Agricultural Property Relief (“APR”) for inheritance tax purposes can be available on the value of a farmhouse. This is a very useful relief, as it can allow the farmhouse to pass with the farm to the next generation, tax free. Funding tax could mean selling land or burdening the farm with debt.

Requirements of APR

To qualify for APR, the farmhouse must be occupied by the farmer and be the centre of operations – the building from which the farm is managed. This requirement can mean APR is lost if the farmer takes a step back from farming by renting out the land, as he is no longer the farmer running the farm from the house. The farmer must remain as such, and continue to run operations from the house.

Charnley and Another v HMRC

In the recent case of Charnley, HMRC denied APR on the farmhouse as its owner, Mr Gill, had let the land out, to Mr Blacklidge. Mr Blacklidge had occupied the land in terms of grazing licences for in excess of 15 years. However, Mr Gill looked after Mr Blacklidge’s cattle, visiting them daily as a minimum, and would report any issues. Mr Gill would make silage and would feed it to the cattle. Mr Gill would move the cattle from field to field depending on the quality of the grass and ground. Additionally, Mr Gill would maintain and improve the fences and hedges separating the fields. He would also undertake ditching and drainage. Mr Gill would ensure that the farmland was kept in good order.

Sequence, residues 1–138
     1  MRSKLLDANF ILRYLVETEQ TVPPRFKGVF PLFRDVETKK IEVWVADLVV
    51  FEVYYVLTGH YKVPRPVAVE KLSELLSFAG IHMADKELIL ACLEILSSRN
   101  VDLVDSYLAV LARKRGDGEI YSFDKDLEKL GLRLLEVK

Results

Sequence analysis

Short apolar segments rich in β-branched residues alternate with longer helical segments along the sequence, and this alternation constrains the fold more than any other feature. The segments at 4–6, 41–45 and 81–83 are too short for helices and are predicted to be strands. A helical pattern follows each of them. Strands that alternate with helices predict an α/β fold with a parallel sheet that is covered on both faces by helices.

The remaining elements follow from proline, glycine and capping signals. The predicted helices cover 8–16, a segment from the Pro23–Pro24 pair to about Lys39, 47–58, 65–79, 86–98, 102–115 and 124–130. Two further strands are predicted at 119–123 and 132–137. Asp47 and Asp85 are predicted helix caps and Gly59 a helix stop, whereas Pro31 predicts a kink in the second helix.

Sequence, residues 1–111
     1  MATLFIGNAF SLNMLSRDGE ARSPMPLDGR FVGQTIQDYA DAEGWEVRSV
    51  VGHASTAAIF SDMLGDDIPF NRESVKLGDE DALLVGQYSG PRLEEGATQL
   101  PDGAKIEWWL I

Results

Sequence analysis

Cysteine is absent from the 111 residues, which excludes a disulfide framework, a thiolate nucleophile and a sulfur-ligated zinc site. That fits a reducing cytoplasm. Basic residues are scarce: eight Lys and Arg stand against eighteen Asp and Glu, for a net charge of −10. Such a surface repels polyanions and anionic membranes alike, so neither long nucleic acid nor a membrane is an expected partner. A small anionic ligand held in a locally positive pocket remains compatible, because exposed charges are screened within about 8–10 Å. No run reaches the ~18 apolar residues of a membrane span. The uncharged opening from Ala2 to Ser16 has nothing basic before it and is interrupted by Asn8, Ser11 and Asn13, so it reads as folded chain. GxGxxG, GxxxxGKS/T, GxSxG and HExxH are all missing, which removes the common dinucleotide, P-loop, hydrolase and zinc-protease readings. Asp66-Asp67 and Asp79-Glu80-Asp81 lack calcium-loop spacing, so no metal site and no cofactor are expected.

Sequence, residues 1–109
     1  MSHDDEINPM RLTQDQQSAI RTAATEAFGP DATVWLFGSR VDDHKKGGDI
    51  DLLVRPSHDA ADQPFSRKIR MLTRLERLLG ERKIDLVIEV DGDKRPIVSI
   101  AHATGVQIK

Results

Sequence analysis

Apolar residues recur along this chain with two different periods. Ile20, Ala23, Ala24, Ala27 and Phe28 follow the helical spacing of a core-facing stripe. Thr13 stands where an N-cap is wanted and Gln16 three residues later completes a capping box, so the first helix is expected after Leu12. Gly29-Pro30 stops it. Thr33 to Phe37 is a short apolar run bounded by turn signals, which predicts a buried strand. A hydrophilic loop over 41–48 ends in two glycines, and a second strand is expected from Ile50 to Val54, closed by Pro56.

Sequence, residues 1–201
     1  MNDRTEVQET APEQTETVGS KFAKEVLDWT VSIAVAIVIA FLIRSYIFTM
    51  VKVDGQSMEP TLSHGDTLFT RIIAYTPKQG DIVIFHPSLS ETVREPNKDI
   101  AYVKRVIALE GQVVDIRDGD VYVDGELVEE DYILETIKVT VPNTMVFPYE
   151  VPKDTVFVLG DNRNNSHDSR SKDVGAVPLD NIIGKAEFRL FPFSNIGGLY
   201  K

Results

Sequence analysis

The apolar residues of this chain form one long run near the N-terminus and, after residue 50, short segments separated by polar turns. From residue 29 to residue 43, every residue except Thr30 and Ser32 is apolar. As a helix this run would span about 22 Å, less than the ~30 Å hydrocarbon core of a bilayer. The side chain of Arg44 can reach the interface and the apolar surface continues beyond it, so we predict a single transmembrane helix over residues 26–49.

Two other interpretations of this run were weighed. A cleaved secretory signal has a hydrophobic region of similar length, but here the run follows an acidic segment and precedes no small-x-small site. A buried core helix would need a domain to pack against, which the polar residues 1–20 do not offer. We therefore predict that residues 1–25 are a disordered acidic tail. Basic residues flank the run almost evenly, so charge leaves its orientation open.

The tribunal was satisfied that Mr Gill remained the farmer, even though he had ceased rearing his own stock. The tribunal determined that the activities undertaken by Mr Gill were those of a farmer on an active farm, rather than merely the provision of grazing land. The tribunal found that Mr Gill’s activities constituted more than just maintenance of the land and was satisfied that Mr Gill ran and managed a farming business from the house.

The tribunal concluded that the house was indeed a farmhouse and therefore constituted “agricultural property”. Mr Gill’s executors had been able to prove to the tribunal that he had not simply retired to the farmhouse to let someone else do the farming, but had continued to operate the farm, from the house. APR therefore applied to the farmhouse.

Implications of the Case

It can be important to capture and retain APR on the farmhouse, so that it can pass on to the next generation with the farm, without having to fund payment of inheritance tax. What the Charnley case brings out is that the evidence of what goes on “on the ground” is important. Records of farming activities should be kept. The case also highlights the fact that APR can be lost when operation of the farm changes. Advice should be taken if changes are being considered.